Pictured Above: The proposed Sag Harbor Residences, as designed by Beatty Harvey Coco Architects, were pitched just after Sag Harbor adopted its new code.

Two sections of Sag Harbor’s affordable housing code adopted last June have been struck down by a New York State Supreme Court Justice, citing incomplete analysis under the New York State Environmental Quality Review Act.

The community group Save Sag Harbor filed a lawsuit last fall alleging the village had failed to thoroughly review the possible environmental impacts of the project.

Just one day after the village adopted its housing code to allow affordable housing by special exception use in Village Office and Business zoning districts last June, developers submitted a proposal to build a three-story, 100,000-square-foot, 79 unit affordable housing complex along Bridge and Rose streets just behind Sag Harbor’s Main Street.

Their proposal drew the suspicion of village residents concerned about the timing of the filing and major changes in the village proposed by Adam Potter, who operates the LLCs that hold the five lots where the housing complex was proposed. Mr. Potter was also involved with the Friends of Bay Street proposal to build a new theater at the foot of the Jordan Haerter Sag Harbor Memorial Bridge. Bay Street has since signed a new lease to stay put in its existing location and has put that property back on the market for $25 million.

Two partners in the affordable housing complex, Conifer Realty and Smith & Henzy Advisory Group, backed out of the project in December of 2022, citing the financial climate at a time of rising interest rates.

New York State Supreme Court Justice Stephen Hackeling agreed with the plaintiffs in his April 10 decision in the case of Save Sag Harbor vs. The Village of Sag Harbor, annulling two sections of the village code — Local Law 12, which allowed affordable housing in the business and hamlet office districts, and Local Law 11, which was the administrative portion of the town’s affordable housing code.

Save Sag Harbor’s lawsuit alleged that the village failed to prepare Parts 2 and 3 of an Environmental Assessment Form or make its determination of significance of the proposed local laws in public, as required under SEQRA.

“We’re gratified that the court recognized that these laws were passed without the in-depth hearings and environmental review that such proposed changes to our village require,” said Save Sag Harbor in a statement after the judge’s decision. “Affordable housing is an urgent need in Sag Harbor Village and the surrounding area, and we will support the village and town governments in developing responsible legislation to this end. Such legislation also should be part of a comprehensive planning process with input from the whole community.”

Sag Harbor Village Attorney Elizabeth Vail said at the Village Board’s April 11 meeting that she disagreed with the decision, and the village has the right to an appeal.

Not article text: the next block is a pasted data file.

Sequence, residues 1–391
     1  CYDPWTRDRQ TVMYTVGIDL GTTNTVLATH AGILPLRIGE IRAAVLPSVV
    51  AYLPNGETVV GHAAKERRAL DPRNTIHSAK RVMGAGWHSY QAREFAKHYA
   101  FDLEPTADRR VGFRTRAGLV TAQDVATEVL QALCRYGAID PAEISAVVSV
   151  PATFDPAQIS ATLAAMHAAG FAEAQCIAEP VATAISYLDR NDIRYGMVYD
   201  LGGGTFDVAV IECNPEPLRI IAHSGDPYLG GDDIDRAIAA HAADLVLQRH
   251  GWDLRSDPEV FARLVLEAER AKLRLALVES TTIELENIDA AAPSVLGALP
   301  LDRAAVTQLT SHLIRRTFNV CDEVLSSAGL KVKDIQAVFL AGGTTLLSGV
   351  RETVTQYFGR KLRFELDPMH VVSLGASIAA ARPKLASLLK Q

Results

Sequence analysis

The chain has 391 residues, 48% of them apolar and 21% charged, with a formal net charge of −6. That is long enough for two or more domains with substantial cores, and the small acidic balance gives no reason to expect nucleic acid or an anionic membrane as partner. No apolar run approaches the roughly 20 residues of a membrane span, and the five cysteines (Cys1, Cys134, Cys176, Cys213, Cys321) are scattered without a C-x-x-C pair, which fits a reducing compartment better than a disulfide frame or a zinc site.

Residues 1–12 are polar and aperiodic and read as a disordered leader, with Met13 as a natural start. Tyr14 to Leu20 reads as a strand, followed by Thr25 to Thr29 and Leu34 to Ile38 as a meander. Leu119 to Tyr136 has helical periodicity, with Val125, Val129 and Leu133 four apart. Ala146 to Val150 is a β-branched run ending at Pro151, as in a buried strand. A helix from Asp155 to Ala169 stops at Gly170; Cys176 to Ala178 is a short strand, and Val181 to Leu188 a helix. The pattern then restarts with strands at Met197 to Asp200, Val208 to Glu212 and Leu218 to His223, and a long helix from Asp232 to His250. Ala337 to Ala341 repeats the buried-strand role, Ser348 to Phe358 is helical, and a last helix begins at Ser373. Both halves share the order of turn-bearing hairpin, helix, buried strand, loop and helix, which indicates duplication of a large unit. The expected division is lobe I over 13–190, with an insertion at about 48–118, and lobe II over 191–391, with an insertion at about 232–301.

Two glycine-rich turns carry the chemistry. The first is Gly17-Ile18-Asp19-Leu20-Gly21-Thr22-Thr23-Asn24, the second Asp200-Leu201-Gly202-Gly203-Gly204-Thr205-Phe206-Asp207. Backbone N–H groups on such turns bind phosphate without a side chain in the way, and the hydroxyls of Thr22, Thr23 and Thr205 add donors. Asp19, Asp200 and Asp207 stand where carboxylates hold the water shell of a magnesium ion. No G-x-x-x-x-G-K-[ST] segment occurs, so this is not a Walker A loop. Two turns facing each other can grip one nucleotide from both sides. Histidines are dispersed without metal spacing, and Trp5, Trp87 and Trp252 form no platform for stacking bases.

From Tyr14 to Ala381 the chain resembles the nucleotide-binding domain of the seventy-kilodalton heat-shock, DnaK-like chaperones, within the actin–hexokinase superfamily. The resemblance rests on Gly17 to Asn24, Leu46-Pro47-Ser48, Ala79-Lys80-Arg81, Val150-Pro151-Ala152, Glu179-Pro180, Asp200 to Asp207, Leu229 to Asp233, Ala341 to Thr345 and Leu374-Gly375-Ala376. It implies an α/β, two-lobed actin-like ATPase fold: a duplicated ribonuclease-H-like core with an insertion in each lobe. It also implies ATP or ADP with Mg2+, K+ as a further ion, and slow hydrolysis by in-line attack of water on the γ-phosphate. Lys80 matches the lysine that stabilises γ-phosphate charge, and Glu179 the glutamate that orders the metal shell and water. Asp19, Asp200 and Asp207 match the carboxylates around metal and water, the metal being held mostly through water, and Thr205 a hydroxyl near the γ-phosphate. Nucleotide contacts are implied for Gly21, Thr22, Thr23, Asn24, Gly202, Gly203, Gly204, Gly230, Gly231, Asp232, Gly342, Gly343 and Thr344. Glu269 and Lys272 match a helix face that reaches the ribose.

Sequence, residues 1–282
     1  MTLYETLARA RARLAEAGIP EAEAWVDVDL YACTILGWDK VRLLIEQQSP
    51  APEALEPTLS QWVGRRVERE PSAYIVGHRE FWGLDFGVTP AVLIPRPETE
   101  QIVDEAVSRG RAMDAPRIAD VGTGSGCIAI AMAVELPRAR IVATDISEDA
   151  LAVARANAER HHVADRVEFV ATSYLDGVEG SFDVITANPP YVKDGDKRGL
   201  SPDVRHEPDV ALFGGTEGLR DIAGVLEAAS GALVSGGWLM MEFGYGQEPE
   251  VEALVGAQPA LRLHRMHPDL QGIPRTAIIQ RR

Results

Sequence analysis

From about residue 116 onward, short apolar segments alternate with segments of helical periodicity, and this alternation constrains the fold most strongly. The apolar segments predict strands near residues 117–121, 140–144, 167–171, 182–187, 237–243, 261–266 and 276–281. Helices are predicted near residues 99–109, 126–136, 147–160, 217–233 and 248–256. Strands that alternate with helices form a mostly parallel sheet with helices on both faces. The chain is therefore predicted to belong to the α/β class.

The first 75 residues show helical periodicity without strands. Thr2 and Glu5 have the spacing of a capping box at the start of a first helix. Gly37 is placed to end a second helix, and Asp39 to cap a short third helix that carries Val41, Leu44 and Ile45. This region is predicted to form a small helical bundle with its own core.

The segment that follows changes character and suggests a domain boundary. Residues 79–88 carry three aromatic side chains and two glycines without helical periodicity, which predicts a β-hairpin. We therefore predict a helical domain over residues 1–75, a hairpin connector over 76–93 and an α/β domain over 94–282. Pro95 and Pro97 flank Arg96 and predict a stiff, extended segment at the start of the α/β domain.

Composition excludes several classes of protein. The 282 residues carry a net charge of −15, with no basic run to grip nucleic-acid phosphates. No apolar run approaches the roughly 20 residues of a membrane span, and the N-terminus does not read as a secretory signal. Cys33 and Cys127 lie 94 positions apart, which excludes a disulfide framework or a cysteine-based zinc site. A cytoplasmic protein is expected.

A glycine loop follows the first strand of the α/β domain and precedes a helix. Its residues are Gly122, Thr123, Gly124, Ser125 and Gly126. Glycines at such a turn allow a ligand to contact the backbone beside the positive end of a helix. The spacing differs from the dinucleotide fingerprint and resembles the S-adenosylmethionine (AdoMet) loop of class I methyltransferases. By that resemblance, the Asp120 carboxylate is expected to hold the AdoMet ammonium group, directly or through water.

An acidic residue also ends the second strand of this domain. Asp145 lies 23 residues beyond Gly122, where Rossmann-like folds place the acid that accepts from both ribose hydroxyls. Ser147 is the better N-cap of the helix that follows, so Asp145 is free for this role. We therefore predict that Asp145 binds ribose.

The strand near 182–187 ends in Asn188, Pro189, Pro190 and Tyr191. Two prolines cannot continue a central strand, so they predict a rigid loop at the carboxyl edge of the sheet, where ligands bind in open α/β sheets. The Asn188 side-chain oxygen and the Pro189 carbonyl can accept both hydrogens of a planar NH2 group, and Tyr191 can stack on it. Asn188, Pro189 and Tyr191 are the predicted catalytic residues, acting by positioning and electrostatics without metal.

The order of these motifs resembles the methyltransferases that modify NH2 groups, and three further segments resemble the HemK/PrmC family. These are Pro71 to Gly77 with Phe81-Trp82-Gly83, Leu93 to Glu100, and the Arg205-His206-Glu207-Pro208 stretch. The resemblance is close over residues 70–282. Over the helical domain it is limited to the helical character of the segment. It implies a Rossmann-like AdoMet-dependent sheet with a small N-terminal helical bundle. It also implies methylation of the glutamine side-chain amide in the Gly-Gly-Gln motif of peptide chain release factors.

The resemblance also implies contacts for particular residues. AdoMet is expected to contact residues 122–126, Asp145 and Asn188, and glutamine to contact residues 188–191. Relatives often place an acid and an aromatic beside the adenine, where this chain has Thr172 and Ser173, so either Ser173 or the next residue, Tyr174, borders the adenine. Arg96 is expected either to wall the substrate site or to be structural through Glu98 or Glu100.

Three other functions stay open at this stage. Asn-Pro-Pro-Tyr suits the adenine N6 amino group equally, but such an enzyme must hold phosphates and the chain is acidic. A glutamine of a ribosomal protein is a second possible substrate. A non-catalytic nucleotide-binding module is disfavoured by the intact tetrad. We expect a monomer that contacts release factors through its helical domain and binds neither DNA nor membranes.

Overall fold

She added that a third section of the code, Local Law 13, which allows accessory apartments, was not challenged in the lawsuit, but that administration of Local Law 13 depended on the administrative portion, Local Law 11, being in effect.

“We’re going to take some time before we make any decisions about a next step in terms of the litigation and in terms of the affordable housing initiative,” said Sag Harbor Mayor James Larocca at the board’s April 11 meeting. “Don’t look for any headlines from us right now. We want to digest it and understand the implications. The connection to the one law not annulled is nevertheless significant. We have one large project applied for, and some accessory dwelling unit applications have been filed. We need to examine the impacts on those applications.”

“We continue to support other recent affordable housing legislation, including Local Law 13 permitting accessory dwellings, and the potential plan for affordable housing off Brick Kiln Road put forward by Trustee Gardella,” said Save Sag Harbor in their statement.

Mr. Gardella, a Trustee on the Village Board, had proposed in February that the village’s Department of Public Works be moved from property that now houses the Sag Harbor Fire Department and Volunteer Ambulance Corps to another village-owned site at the Long Pond Greenbelt during an upcoming replacement of the emergency services buildings, potentially making room for 12 affordable apartments adjacent to the new firehouse and ambulance barn.

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Beth Young
Beth Young is an award-winning local journalist who has been covering the East End since the 1990s. She began her career at the Sag Harbor Express and, after receiving her Masters from the Columbia University Graduate School of Journalism, has reported for the Southampton Press, the East Hampton Press and the Times/Review Media Group. She founded the East End Beacon website in 2013, and a print edition in 2017. Beth was born and raised on the North Fork. In her spare time, she tinkers with bicycles, tries not to drown in the Peconic Bay and hopes to grow the perfect tomato. You can send her a message at editor@eastendbeacon.com

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